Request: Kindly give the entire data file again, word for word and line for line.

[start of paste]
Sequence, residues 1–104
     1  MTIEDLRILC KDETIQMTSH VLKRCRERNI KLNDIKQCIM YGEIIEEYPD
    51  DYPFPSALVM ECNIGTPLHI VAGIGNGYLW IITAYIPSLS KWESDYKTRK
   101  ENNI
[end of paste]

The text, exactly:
Sequence, residues 1–104
     1  MTIEDLRILC KDETIQMTSH VLKRCRERNI KLNDIKQCIM YGEIIEEYPD
    51  DYPFPSALVM ECNIGTPLHI VAGIGNGYLW IITAYIPSLS KWESDYKTRK
   101  ENNI